:::: MENU ::::

The Pressure to Side Hustle Your Way Out of Debt

by

The Pressure to Side Hustle Your Way Out of Debt

One of the most popular personal finance recommendations for people who are in debt is to get a side hustle. Dave Ramsey, for example, says you should deliver pizzas after work to attack your debt with “gazelle intensity.” But working ten to twelve-hour days across two different jobs is a recipe for burnout, especially if you have a chronic illness, mental health condition, or family caretaking responsibilities.

With inflation on the rise and a recession looming, I’ve felt the pressure to pick up extra freelance writing work and sell more of my woodworking projects. But I’ve realized over the years that side hustling isn’t always a good solution. Here’s why.

Dealing With Rising Costs

Like everyone else, my partner and I are feeling the pinch of increasing costs. Our monthly food and gas spending has increased by $500 per month, and we’re bracing ourselves for high heating bills as we head into fall and winter in the Upper Midwest. As all homeowners know, everything in the house seems to break simultaneously. This month alone we’ve spent $3,000 on various repairs, including fixing our broken furnace.

When increasing costs or unexpected expenses mess up your budget and push back your debt payoff timeline, it feels necessary to get a side hustle to stay on track. The message we get from personal finance gurus like Dave Ramsey is to push harder and work more when adverse circumstances affect our debt payoff plans. We’re rarely encouraged to give ourselves grace and slow down our timeline to match our changing financial reality.

But I’m trying to fight the pressure I feel to add more work to my plate because I know from past experiences that side hustles don’t always help.

Side Hustles Don’t Always Help

When I overextend myself, I feel stressed out and spend more money as a way to cope with the anxiety. This bad habit reduces the amount of money that I’m able to save from the extra hours I’ve worked. Although I’ve tried to practice more self-discipline, it’s hard to stick to your budget when you’re overwhelmed and not thinking rationally.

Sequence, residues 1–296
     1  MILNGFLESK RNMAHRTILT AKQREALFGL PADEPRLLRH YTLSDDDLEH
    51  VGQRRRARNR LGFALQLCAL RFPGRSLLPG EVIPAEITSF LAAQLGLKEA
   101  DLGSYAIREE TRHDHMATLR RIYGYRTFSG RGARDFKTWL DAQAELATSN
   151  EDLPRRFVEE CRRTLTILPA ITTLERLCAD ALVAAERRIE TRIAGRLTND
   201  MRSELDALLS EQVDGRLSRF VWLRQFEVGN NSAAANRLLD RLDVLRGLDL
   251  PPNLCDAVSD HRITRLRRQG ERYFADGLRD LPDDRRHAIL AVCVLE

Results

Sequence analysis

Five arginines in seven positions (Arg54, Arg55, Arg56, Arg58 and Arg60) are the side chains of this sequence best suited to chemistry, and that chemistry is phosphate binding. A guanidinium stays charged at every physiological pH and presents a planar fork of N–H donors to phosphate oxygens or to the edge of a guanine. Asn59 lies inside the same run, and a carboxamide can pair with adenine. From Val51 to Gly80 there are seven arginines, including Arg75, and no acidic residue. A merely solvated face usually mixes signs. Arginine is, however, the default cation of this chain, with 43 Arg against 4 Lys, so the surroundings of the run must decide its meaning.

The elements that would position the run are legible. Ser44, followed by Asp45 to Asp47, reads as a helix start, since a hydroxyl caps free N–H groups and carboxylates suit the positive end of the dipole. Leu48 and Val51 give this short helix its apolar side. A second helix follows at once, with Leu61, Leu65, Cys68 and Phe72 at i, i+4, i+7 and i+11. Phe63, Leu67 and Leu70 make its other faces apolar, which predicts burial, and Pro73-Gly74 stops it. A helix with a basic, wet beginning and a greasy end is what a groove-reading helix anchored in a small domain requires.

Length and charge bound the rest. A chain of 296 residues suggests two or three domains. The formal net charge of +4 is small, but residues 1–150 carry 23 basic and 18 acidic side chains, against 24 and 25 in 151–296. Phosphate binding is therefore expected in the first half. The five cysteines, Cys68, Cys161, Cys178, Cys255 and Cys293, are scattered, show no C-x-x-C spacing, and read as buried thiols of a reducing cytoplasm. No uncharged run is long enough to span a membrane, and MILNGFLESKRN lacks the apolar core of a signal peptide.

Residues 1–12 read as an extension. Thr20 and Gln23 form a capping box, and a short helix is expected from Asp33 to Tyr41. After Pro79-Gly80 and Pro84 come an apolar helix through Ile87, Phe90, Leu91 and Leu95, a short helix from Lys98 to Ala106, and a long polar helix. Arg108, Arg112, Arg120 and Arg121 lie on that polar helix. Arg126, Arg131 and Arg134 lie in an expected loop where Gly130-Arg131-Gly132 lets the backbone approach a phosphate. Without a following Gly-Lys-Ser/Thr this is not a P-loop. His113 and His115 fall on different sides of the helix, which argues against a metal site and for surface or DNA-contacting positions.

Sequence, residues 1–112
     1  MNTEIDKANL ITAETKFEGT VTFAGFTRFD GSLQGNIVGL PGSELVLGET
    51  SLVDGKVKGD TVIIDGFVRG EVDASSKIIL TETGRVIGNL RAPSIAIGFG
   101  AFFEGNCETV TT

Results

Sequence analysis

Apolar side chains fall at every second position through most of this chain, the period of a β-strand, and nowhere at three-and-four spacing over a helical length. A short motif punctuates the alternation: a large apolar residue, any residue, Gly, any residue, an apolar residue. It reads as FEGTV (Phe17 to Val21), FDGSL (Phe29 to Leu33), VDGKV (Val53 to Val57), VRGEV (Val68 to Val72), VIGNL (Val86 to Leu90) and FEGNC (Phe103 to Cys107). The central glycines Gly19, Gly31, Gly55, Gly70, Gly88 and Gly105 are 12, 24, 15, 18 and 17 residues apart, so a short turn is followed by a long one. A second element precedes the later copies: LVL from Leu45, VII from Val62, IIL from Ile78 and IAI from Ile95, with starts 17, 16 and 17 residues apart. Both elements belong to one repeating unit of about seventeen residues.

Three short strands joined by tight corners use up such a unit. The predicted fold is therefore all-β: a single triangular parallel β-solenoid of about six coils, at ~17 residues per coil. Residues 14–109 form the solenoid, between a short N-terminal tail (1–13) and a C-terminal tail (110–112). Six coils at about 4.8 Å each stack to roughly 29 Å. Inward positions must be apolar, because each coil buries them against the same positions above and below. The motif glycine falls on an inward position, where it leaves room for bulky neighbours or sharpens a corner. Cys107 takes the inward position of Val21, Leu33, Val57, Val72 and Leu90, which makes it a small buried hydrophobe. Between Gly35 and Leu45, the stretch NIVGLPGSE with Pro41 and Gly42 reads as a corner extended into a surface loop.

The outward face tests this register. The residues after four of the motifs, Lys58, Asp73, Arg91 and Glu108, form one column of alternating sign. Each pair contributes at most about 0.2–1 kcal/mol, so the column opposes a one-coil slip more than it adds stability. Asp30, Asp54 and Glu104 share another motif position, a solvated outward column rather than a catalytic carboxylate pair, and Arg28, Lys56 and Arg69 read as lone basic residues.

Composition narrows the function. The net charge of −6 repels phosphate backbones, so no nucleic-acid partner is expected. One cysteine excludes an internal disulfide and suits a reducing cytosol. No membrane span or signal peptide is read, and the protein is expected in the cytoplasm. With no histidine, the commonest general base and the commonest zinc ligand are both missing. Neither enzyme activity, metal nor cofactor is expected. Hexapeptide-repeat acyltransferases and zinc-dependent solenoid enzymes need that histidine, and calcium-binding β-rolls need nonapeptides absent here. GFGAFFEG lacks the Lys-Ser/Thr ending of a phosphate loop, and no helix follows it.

Apparently, this is a pretty common issue. More than half of Americans shop impulsively to deal with stress, depression, and anxiety, sometimes as frequently as once a month. If getting a side hustle is going to stress you out and make you more likely to overspend, it may not be worth it.

Because I have multiple chronic illnesses, the stress of overworking myself can also exacerbate my symptoms and result in increased medical costs. A few months ago, I picked up additional writing contracts to help combat the effects of inflation on my budget.

As a result of overloading myself with work, I ended up in the hospital with an elevated heart rate that wouldn’t come down and palpitations, likely caused by my heart condition called POTS. Although anxiety wasn’t the only factor, it definitely played a role and made the flare-up worse. The ER visit cost me several hundred dollars, so any extra income I got from pushing myself and hustling went out the window.

Accepting My Limitations

After that incident, I promised myself to be more mindful of my limitations and accept that traditional personal finance advice won’t always work for me. Just because I’m not side hustling and working sixty-hour weeks doesn’t mean I’m not motivated to get out of debt.